SAB’s Vulcan isn’t entirely new. The design has existed in Europe and arrived in the USA more than two years ago but stealthily avoided our radar as a Special Light-Sport Aircraft until the 2012 Midwest LSA Expo at the Mt. Vernon, Illinois airport. The secret is out now and Vulcan C-100 has been added to our SLSA List and comes at #127.
Basically, the Italian SAB Aviation jumped the Atlantic into the American LSA market with their derivative of the famous Falco kit aircraft. The low-wing all-metal design first arrived to importer Phil McCoy and his Florida-based Light Sport America enterprise. McCoy promoted the introduction at Sun ‘n Fun 2010 but evidently didn’t complete the process for the Vulcan C-100 to earn its Airworthiness Certificate.
Representation at the Midwest LSA Expo was by the team of Niley Church and Valter della Nebbia under the business name SAB Aviation of Americas. Valter also supplies another Italian airplane, the ICP Savannah. Their association is so new their Internet presence (www.boomeranglsa.com) still refers to their dealership for the Jabiru J-230 and J-170 models though Niley said they were at work on a revised website.
SAB Aviation is described as a more recently established division of SAB Aerospace, an Italian manufacturer of unmanned aerial vehicles and satellite components. SAB found entry to the light aviation market by purchasing Italy’s Corivi Aviation, which had been offering the C-100 as a European microlight kit-built airplane. The company had created a retractable gear version for the EU market and also prepared a fixed-gear version that could meet LSA rules.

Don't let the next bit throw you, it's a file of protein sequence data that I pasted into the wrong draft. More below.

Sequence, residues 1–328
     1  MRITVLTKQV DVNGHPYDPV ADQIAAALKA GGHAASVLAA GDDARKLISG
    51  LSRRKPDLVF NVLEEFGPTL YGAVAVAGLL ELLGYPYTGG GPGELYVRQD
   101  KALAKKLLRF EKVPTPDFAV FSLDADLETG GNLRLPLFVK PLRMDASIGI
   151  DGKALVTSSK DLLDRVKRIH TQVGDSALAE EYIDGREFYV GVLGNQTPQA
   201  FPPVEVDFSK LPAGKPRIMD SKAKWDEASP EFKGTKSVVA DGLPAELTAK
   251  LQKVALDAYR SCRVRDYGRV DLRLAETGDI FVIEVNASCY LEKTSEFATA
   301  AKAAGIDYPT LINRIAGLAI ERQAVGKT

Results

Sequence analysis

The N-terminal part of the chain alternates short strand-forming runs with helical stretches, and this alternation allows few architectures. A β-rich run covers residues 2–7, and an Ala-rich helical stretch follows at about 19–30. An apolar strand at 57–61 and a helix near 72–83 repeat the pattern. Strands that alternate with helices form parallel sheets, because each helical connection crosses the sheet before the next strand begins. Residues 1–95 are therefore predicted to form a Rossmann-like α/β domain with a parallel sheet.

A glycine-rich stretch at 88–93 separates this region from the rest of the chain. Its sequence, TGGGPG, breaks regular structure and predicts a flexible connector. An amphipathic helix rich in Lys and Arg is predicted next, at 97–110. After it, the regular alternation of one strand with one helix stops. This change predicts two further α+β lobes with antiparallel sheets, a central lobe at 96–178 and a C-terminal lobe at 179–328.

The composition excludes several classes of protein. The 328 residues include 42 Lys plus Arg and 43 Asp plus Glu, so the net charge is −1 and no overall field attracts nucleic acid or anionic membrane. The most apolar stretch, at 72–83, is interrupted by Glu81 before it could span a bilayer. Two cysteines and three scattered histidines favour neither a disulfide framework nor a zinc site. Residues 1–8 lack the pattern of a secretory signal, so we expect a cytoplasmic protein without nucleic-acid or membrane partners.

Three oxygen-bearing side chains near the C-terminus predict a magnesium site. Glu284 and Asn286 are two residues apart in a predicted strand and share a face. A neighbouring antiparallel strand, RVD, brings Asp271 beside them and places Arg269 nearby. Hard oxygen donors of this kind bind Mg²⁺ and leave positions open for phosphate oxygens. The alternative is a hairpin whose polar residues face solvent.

Specifications for Vulcan C-100 include a main structure built from 2024 aluminum; wing span at 26.2 feet; wing area is 114.2 square feet; and fuel is supplied from two wing tanks, each with 12.7 gallons capacity. Vulcan can reportedly cruise at 111 knots and offers a 573 pound useful load resulting in a respectable 421 pounds of payload with full fuel. Vulcan is powered by the 100-hp Rotax 912 ULS engine. Hydraulic disk brakes are operated with a single cockpit lever.
Falco has long been a revered European design (though rather different from the Vulcan) and U.S. representative Niley Church described Vulcan’s “sexy lines” mated to a familiar analog instrument set up, though the panel is easily large enough to accommodate digital glass screens if a customer wishes. Niley indicated a probable selling price of about $125,000 but noted that they are still about six months away from having a ready-to-sell product. As the team of Church and della Nebbia get closer to market-ready, we’ll supply an update.
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